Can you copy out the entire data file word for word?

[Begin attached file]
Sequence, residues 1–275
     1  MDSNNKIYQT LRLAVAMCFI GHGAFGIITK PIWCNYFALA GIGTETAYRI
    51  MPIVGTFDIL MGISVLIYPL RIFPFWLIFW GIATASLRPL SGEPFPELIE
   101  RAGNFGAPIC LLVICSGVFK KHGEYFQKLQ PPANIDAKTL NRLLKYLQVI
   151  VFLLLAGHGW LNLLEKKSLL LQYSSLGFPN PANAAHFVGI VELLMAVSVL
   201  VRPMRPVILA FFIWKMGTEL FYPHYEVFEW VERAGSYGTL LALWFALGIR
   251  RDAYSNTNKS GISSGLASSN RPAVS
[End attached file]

Sequence, residues 1–275
     1  MDSNNKIYQT LRLAVAMCFI GHGAFGIITK PIWCNYFALA GIGTETAYRI
    51  MPIVGTFDIL MGISVLIYPL RIFPFWLIFW GIATASLRPL SGEPFPELIE
   101  RAGNFGAPIC LLVICSGVFK KHGEYFQKLQ PPANIDAKTL NRLLKYLQVI
   151  VFLLLAGHGW LNLLEKKSLL LQYSSLGFPN PANAAHFVGI VELLMAVSVL
   201  VRPMRPVILA FFIWKMGTEL FYPHYEVFEW VERAGSYGTL LALWFALGIR
   251  RDAYSNTNKS GISSGLASSN RPAVS